Why would the Egyptian ministers of education and higher education, the Speaker of its Parliament and various other notables show up for the opening of the new Graduate School of Education at the American University in Cairo (AUC)?
The answer tells us something about Egyptian higher education and society.
AUC has for a century been the training ground for a significant number of the Egyptian and, indeed, Middle Eastern elite.
It is an American institution deeply implanted in Egyptian soil, accredited and incorporated in the US and operating in English.
Its regulations dictate that 45 per cent of its faculty is American, 45 per cent Egyptian, with the rest from other countries.
To ensure that the university's goals are in keeping with Egyptian policy, a counsellor, usually a senior Egyptian educator with ties to the Government, sits at the right hand of the AUC president.
The result is arguably the most prestigious academic institution in Egypt. Its facilities are far superior to the overcrowded and sometimes dilapidated campuses of the country's large public universities - particularly its new campus, which is located in New Cairo, an hour's drive from downtown in good traffic (which is seldom).
Cairo University, for example, has more than 200,000 students, and other local universities including Al-Azhar and Helwan educate similar numbers. By contrast, AUC has about 6,200 students.
AUC charges by far the highest tuition fees in Egypt - $20,000 (£12,700) a year. Public universities charge only a nominal fee, so it is not surprising that AUC's students tend to come from the social elite - most from private schools.
AUC professors are paid much more than their peers at the public universities, so can afford to live on their academic salaries without the need for multiple jobs.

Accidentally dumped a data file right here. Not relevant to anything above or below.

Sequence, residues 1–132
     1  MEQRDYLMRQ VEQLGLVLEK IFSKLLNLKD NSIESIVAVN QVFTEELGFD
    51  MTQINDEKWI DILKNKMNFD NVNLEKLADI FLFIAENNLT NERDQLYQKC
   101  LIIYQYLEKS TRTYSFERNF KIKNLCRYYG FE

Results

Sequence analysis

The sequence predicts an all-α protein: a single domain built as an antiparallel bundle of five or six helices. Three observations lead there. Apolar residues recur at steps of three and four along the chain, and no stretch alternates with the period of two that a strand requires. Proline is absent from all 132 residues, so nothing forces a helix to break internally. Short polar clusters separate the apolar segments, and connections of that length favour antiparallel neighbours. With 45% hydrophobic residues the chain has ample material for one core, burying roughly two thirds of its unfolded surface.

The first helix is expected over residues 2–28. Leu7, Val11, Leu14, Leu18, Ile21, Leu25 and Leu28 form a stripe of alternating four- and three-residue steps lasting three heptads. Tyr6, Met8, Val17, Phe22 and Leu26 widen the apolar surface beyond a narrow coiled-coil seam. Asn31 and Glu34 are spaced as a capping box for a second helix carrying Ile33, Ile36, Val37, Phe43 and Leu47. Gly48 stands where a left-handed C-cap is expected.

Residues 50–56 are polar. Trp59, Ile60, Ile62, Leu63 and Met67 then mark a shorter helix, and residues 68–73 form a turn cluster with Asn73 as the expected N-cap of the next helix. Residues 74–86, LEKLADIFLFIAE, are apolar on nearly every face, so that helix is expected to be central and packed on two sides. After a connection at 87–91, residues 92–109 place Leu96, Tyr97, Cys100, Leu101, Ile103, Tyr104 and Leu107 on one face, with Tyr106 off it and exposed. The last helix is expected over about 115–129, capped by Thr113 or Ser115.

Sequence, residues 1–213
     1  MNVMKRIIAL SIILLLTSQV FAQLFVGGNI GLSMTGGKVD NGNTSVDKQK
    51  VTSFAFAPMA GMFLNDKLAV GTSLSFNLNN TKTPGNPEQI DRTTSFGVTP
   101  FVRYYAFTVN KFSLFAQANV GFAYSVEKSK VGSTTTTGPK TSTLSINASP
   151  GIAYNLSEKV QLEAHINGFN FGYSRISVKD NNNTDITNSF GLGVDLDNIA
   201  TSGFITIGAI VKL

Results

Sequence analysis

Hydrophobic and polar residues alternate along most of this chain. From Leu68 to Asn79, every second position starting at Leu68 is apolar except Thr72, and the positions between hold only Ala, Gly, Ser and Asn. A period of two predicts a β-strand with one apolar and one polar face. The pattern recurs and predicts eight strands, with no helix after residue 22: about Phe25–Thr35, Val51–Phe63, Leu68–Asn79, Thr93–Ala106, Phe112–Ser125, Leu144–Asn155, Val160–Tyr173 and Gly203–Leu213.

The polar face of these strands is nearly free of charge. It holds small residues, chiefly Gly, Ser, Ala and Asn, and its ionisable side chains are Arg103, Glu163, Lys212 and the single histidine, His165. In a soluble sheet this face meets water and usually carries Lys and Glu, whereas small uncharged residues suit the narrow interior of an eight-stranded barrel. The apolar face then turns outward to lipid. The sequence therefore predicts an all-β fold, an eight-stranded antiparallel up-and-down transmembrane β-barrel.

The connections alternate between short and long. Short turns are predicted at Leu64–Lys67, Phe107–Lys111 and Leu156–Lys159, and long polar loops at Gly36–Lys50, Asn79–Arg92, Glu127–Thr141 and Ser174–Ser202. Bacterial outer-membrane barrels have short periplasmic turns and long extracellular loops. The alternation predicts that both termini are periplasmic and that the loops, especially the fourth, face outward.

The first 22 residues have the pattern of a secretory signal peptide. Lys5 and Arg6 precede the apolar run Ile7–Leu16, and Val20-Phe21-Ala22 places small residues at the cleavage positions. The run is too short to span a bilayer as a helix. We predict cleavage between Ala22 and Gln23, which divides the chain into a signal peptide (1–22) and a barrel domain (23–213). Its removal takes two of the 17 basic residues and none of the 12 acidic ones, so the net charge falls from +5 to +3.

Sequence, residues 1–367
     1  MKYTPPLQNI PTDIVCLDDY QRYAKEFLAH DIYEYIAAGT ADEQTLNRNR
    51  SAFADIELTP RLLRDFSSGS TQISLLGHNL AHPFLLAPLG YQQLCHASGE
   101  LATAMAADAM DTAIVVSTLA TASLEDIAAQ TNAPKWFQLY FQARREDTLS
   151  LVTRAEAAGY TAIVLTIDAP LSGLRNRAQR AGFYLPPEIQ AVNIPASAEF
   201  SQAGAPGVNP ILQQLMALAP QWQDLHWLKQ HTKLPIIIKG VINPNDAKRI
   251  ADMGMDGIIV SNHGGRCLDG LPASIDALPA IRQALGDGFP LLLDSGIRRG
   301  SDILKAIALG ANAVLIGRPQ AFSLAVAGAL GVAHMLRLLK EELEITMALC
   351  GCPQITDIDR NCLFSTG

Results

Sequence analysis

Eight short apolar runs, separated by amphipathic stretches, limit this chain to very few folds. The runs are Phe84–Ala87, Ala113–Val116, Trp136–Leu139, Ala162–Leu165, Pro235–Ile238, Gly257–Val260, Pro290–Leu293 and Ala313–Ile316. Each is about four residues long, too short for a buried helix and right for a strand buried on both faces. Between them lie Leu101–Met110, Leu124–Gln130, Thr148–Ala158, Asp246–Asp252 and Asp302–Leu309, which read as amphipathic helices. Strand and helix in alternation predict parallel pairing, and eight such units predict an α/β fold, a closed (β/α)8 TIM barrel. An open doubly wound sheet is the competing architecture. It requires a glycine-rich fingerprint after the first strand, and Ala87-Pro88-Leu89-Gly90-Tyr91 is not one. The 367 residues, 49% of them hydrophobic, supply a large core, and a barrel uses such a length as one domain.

The Graduate School of Education was established following a donation of $8 million from a wealthy Egyptian businessman. AUC hopes to provide a model of excellence for teacher preparation and educational leadership in a region where work in these fields is recognised as inadequate. Research on education issues relevant to Egypt and the Middle East is also poor.
The institution is also planning to establish the Middle East Institute on Higher Education to provide information and research relating to post-secondary education in the region.
Surprisingly, there is very little research available on higher education in the Arab world.
The challenges for the new venture are substantial, not least attracting top-class faculty to Egypt. Creating a curriculum that reflects international trends while remaining relevant to Egyptian needs may also prove difficult.
And providing graduate degrees that are affordable for education professionals will not be easy - educators have considerably less income than, for example, MBA students.
I was among a small group of largely American education specialists who recently visited AUC with the goal of suggesting directions for the Graduate School of Education.
We came away convinced that the need is great and that AUC has the potential to develop something original that can connect Egypt, and perhaps the Middle East, with the most relevant global thinking about contemporary education issues, as well as educating exemplary professionals.